PHYS 4P62 - Modern Wave Optics: Optical Tweezers to Atom Clouds
- The materials on this web site are for the previous offering of this course,
in 2013-2014, and are left here for information purposes only. The course
will be offered again starting in 2015-2016 academic year, and this web page will be updated in time.
In the meantime, take a look at this message from the instructor, Prof.Steuernagel.
- Schedule: Please note that the course scheduling is unusual:
- one-hour tutorial every week, conducted in B209 via an audio/video link;
- three periods of intensive lectures, three-to-four hours per day.
In this course you will be given 9 take-home assignments.
In total they account for 60% of the course mark.
If you hand in your work too late it will not count, the late penalty is 100%.
Instead of the final exam, on the last day you will also give
a presentation to the class. This counts for 40% of the course mark.
Here are some final presentations from the 2013-2014 class, for inspiration.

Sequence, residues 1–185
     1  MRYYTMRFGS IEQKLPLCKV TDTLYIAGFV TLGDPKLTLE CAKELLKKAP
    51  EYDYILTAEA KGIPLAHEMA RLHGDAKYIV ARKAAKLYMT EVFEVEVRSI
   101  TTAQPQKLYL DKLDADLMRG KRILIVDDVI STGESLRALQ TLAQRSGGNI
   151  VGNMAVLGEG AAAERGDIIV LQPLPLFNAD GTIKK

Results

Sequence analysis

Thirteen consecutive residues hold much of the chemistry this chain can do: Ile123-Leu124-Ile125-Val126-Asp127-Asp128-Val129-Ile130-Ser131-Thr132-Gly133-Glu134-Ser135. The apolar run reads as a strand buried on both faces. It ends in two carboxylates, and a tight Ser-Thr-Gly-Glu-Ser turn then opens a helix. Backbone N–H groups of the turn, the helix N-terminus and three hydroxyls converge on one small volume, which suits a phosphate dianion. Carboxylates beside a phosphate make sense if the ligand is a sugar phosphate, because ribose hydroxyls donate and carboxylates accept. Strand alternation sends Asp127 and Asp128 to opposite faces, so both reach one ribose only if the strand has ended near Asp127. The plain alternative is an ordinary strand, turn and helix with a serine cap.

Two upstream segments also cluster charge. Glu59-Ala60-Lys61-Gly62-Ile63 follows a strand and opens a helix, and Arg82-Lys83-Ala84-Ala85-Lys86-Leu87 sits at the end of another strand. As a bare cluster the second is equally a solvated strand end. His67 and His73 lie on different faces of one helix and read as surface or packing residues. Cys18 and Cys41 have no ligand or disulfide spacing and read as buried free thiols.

With the advent of spatial light modulators, the field of wave optics has
never been more exciting. Digital spatial light modulators allow us to tailor
light beams in new ways, such as video projection using Digital Light
Applications in science harness the force of light to manipulate
microparticles. These include tweezers, bright light spots that allow for the
movement and control of tiny particles, even organelles within living cells.
Superpositions of plane wave laser light beams can form artificial crystals of
light which are widely used in atomic physics.
Other tricks with light are possible: evanescent waves form mirrors that can
levitate atoms; atomic funnels and bottles can be realized through
superpositions of fundamental laser modes synthesized with spatial light
modulators; crossed beam configurations allow for wide atom beam lenses; and
beams with orbital angular momentum can form bright and dark helices of
After a brief introduction of wave optics, the physics of optical forces and
potentials will be introduced. Many examples and applications from contemporary
research will be presented, and analyzed by the students. This course makes
extensive use of Maple programs for 'hands-on' modeling throughout. Some prior
knowledge of Maple is recommended.